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Over the past several years, I have witnessed competing priorities affecting the generation and delivery of data required for credit risk analytics. On one side, formalized data governance and controls have emerged with the intent of improving data consistency and accuracy. On the opposite side, stakeholders continue to request faster delivery.
"Analytics means providing stakeholders with accurate, actionable, and timely information, in an easy-to-digest format, that is relevant to the issues faced by banks"
Data governance and controls are key in the financial services industry, where inaccurate or mishandled data can have dire consequences for both the customers who entrust these institutions with their assets as well as investors, who need accurate information to make informed decisions. Let alone internal management, who make decisions based on a range of credit risk indicators. The regulatory environment and the financial accounting environment will likely continue to develop and require financial institutions to make even greater strides in data governance and controls. Increasingly, analytics functions are taking on a central role in data governance and controls.
More immediate data delivery continues to be an opportunity for improvement, especially in those cases where humans are required to make estimates or when new systems come on line. While more and more data processes are now automated, requests for more data increase. Sometimes these requests require employees to manually collect data. The human touch can slow processes and introduce new opportunities for data errors to creep in. And as new systems are put in place, integrating those systems into current data aggregation processes is time-consuming and is prone to errors.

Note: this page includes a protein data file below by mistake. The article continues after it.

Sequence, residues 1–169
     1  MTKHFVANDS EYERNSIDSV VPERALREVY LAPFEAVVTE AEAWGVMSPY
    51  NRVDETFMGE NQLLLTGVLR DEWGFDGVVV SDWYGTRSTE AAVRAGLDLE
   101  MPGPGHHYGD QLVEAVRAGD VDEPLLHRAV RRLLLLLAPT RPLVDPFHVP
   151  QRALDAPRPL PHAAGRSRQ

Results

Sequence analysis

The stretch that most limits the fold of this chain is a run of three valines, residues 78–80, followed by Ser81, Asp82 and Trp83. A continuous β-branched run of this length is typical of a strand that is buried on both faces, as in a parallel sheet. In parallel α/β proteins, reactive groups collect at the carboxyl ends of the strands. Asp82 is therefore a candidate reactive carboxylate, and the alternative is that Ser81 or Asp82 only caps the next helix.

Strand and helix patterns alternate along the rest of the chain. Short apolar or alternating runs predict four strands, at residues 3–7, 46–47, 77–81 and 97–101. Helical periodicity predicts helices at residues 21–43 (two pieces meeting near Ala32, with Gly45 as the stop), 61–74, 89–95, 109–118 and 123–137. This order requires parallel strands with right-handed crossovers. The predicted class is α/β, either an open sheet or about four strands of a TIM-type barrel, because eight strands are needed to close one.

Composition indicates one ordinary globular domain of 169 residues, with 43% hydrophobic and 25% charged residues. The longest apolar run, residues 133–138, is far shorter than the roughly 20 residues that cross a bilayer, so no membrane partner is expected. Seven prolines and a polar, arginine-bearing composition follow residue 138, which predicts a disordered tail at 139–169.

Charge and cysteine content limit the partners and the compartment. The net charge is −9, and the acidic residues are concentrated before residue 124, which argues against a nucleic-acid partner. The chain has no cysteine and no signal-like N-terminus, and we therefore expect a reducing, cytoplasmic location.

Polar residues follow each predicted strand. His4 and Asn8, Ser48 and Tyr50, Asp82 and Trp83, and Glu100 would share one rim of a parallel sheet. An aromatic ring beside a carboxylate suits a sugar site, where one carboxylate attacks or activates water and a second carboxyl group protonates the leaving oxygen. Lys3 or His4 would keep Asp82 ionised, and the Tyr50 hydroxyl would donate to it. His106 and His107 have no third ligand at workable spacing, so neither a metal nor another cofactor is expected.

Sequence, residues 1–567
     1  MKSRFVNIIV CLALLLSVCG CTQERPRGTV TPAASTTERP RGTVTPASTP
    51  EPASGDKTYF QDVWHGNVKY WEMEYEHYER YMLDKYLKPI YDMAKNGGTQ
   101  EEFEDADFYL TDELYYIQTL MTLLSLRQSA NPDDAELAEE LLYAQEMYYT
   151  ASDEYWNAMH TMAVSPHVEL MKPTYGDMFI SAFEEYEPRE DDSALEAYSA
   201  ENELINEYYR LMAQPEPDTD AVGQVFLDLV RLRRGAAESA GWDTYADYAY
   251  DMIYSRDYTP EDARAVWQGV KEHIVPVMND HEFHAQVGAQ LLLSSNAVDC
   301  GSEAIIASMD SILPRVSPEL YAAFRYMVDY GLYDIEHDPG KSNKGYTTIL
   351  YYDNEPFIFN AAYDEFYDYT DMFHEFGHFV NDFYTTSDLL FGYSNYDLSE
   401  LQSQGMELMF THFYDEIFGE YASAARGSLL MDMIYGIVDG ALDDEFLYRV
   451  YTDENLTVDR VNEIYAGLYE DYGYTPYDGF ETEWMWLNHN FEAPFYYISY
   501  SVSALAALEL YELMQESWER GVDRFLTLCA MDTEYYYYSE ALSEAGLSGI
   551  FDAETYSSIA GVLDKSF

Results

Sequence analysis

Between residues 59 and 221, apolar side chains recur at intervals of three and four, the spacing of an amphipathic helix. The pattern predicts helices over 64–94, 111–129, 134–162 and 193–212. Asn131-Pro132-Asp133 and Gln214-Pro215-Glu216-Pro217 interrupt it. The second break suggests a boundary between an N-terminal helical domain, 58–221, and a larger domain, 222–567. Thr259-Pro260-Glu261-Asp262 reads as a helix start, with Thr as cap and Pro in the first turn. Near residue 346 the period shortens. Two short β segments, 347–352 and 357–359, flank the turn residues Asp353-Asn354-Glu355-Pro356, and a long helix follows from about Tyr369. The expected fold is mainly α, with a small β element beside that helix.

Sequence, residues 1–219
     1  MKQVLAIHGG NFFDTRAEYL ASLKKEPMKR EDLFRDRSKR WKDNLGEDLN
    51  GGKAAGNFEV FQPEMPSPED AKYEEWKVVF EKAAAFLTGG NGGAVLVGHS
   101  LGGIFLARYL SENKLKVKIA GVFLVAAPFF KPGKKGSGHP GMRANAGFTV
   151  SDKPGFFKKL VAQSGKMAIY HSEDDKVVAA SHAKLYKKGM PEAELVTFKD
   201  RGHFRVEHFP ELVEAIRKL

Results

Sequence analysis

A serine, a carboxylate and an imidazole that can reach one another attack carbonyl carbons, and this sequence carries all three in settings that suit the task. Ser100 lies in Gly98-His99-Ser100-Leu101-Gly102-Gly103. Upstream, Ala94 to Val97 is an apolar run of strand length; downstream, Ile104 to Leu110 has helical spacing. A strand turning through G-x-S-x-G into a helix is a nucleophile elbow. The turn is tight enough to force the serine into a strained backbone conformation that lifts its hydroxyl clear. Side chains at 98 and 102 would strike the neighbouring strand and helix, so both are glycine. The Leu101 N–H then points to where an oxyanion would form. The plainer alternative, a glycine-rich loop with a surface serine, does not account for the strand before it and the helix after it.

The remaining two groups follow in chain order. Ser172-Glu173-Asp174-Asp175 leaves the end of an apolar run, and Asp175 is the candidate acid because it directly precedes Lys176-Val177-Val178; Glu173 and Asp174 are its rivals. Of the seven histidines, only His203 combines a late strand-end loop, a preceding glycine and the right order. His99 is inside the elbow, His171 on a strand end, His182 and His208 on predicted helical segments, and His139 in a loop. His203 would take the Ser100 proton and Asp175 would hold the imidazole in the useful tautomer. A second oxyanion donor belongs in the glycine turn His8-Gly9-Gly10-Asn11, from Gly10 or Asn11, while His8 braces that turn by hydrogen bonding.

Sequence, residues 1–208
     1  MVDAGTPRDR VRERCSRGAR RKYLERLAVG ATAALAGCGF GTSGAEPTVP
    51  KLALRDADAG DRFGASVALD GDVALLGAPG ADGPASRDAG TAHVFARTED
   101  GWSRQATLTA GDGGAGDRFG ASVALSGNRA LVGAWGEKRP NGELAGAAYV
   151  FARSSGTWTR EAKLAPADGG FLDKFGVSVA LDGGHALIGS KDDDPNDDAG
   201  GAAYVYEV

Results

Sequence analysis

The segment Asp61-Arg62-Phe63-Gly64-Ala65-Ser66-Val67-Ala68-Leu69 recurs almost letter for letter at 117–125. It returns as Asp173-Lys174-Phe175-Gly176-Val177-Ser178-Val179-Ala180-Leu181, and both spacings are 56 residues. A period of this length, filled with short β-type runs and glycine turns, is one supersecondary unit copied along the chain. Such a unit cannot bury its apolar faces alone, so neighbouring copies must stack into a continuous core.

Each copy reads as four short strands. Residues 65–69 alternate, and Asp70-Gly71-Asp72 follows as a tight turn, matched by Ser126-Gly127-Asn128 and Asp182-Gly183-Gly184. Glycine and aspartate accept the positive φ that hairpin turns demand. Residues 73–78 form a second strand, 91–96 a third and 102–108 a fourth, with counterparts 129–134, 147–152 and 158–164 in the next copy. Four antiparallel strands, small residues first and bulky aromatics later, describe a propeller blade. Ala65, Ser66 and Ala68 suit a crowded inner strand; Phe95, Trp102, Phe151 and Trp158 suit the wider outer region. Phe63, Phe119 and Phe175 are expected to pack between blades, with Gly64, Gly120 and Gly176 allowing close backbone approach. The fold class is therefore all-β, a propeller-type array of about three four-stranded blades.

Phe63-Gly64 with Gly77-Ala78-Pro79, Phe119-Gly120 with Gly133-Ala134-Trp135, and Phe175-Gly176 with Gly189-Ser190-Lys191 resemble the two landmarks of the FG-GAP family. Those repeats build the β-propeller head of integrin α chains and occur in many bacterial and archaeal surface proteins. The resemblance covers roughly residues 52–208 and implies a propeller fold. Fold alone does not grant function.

I manage the credit analytics function at Zions Bancorporation. Credit analytics is cross functional, in that, analysts need to understand the data and tools at their disposal, statistical modeling techniques, the business of how banks make and lose money, how the economy affects banks, and the products that the bank offers. In addition to fielding ad-hoc requests from management, this group identifies emerging trends in credit risk, generates regular reports for management and other stakeholders, and helps management understand the implications of changing underwriting policies.
In my mind, analytics means providing stakeholders with accurate, actionable, and timely information, in an easy-to-digest format, that is relevant to the issues faced by banks. The analytics function at a bank needs to understand questions that stakeholders ask within the context of the banking industry, rather than within the context of IT. My high school computer science teacher used to say: “Computers will do what you tell them to do, not what you want them to do.” The analytics function needs to interpret instructions from management to make sure we answer fundamental business questions, rather than generating reports that are not meaningful or waste the time of stakeholders.